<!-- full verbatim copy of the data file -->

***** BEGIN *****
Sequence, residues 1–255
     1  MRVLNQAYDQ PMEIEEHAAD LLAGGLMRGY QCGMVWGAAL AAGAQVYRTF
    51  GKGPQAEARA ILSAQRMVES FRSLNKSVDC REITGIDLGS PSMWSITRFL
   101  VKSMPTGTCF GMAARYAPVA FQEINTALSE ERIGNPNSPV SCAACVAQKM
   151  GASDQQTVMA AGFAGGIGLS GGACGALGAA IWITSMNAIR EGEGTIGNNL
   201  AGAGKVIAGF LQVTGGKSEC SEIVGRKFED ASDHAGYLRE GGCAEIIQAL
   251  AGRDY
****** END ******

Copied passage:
Sequence, residues 1–255
     1  MRVLNQAYDQ PMEIEEHAAD LLAGGLMRGY QCGMVWGAAL AAGAQVYRTF
    51  GKGPQAEARA ILSAQRMVES FRSLNKSVDC REITGIDLGS PSMWSITRFL
   101  VKSMPTGTCF GMAARYAPVA FQEINTALSE ERIGNPNSPV SCAACVAQKM
   151  GASDQQTVMA AGFAGGIGLS GGACGALGAA IWITSMNAIR EGEGTIGNNL
   201  AGAGKVIAGF LQVTGGKSEC SEIVGRKFED ASDHAGYLRE GGCAEIIQAL
   251  AGRDY